When someone once said to us, “How do I buy horse racing shares in a racehorse?” We should have replied, “Don’t! Buy shares in a broodmare instead, that’s where the money is.”
Now, if you ask us who the second best syndicator we know is, w’d instantly tell you it is Nathan Bennett from Bennett Racing.
How do we know that? Well, we met Nathan through ATB and the exciting Dandino campaign during the 2013 Melbourne spring carnival where the planets aligned for a multitude of fortunate owners.
We shared a Caulfield Cup and Melbourne Cup runner that spring. Lifelong personal dreams realised thanks to ATB. Wow, what a time to be alive!
Lifelong friendships also formed that spring. That’s something you never envisage when first buying into a horse.
The most rewarding aspect of owning racehorses for us is all the great people you meet along the way. Nathan is one of those people.
Nathan Bennett had a dream to become a syndicator and realised that dream in 2016 when he formed Bennett Racing.
He teamed up with knowledgeable racing folk in Phil and Rick Wells from Shadwell Farm, to create a formidable trio.
Bennett Racing captured their first group winner when She Shao Fly won the 2019 SA Sires Produce Stakes in Adelaide.
We were lucky enough to be with Bennett Racing when they landed their first ever horse for syndication, a striking filly who later became Goldifox.
Just like Darren & Liz Dance, Nathan is an honest, hard working operator.
These are the people you want to invest your time and money with, if becoming an owner is a dream of yours.
In our experience, the short and long answer is a resounding “No!”
A sound investment grows your money over time, not haemorrhage it with ongoing costs that would put some Superannuation funds to shame.
Having said that, after the initial syndication and purchase of a horse, most ongoing costs are via the trainer. Agistment, pre-training, race training, racing fees, vets, medicine, and that magnificent money maker, floating.
These external costs ensure syndicators must be prudent with placing their horses for education and racing.
Ensuring the right environment and education for your racehorse is an important component for success, as is luck.
Racehorse owner schemes reward owners of consistent, well placed horses with bonus prize money.
A successful racehorse may end up a sound investment if lady luck smiles upon you.
A well bred colt who can win a Group 1 race may become hot property for a potential stud farm to fill their roster as a young sire. The residual value for a filly winning a stakes race affords syndicate owners a return on investment at the end of her racing career.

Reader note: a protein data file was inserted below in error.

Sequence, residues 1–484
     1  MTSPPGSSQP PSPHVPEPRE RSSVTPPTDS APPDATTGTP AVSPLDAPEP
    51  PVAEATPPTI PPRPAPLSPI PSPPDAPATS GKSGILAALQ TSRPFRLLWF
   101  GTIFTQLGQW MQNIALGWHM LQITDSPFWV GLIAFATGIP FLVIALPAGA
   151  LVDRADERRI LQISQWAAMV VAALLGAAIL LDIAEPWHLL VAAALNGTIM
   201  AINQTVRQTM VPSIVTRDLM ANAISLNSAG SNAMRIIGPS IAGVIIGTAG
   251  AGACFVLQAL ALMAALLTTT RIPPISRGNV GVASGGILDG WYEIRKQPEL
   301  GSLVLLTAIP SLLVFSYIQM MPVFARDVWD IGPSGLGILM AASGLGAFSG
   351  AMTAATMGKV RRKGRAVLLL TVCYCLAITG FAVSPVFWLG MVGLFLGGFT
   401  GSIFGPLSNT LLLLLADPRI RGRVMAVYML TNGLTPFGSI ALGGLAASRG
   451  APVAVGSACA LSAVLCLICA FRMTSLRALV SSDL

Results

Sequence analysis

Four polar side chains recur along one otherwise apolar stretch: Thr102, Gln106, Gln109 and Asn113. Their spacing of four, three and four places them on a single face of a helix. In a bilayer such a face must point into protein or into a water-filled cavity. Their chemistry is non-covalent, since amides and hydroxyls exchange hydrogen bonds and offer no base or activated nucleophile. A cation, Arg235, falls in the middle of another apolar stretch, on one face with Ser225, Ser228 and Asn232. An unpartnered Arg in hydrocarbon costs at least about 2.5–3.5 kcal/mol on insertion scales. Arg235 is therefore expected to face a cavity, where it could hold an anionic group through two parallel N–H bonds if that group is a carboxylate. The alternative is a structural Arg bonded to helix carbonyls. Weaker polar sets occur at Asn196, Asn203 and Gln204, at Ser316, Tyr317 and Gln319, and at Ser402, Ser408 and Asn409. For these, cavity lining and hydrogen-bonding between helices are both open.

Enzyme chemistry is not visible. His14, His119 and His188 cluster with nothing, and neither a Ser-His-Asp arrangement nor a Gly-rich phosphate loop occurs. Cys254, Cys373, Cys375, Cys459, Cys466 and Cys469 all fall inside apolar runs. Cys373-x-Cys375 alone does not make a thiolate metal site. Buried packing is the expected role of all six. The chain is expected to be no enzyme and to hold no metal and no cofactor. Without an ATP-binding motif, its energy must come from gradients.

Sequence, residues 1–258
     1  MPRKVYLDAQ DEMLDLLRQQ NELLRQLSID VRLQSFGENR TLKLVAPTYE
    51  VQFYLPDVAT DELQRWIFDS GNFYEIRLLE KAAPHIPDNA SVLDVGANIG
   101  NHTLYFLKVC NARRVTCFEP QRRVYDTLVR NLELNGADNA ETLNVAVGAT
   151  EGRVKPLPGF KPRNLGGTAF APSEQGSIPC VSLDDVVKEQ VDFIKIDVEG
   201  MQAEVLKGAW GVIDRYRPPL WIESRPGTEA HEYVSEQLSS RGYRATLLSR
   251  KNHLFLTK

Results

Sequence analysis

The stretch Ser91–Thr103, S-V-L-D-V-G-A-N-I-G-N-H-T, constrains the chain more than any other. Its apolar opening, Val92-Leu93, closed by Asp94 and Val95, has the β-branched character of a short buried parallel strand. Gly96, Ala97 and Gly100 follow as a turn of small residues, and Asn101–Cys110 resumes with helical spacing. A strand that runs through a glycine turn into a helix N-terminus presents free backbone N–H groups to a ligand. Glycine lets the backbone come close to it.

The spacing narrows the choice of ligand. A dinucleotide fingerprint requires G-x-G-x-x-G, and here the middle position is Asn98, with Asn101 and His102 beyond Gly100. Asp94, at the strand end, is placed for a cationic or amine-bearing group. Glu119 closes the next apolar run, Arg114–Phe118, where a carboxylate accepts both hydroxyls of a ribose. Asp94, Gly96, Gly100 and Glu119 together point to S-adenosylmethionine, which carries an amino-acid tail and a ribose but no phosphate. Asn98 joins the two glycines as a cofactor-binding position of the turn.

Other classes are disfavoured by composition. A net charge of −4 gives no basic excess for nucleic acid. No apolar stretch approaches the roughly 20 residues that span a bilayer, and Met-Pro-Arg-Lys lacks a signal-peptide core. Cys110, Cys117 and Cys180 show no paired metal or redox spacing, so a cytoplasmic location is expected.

Since becoming involved in the breeding side of racing we’ve decided to only purchase shares in fillies, the more regally bred the better.
In our experience, colts, much like the young teenage humans, are more concerned about the glamourous fillies getting around, than focusing on the job at hand.
Someone once said, “Behind every good foal, there was a good mare.”
It stands to reason a good filly has the potential to be a good mare. A great one is the desired outcome.
A horse racing syndicate is a sound investment if you outlay what you can afford at the time of purchase, and the expected average costs won’t break your bank.
Owning a racehorse is all about enjoying the thrills of racing with like-minded people. When your horse crosses the finish line a winner, it provides an adrenaline rush that will hook you for life.
So, what’s it going to cost you to own a racehorse? To that we answer, “How long is a piece of string?”
Rising costs are the bane of all owners, and they’ve risen substantially in recent times.
Having been in racing syndications for quite a while, it’s easy to determine where owners are being slugged.
So what has changed?
Racing expenses have grown somewhat in the past two years. Treatments, floating, staff expenses and much more. You name it, owners pay for it. The only thing we don’t have to pay for is the horse’s air to breathe.
We should count ourselves lucky!
Sundries are another killer for owners with track fees, gallop fees, racing plates, more treatments, vets, drugs, and the floating again.
A trip to the races for your horse can cost owners anywhere between $200 and $500 for that day alone.
Add public holiday levies, syndication management fees (where applicable), race nominations etc and you get the drift.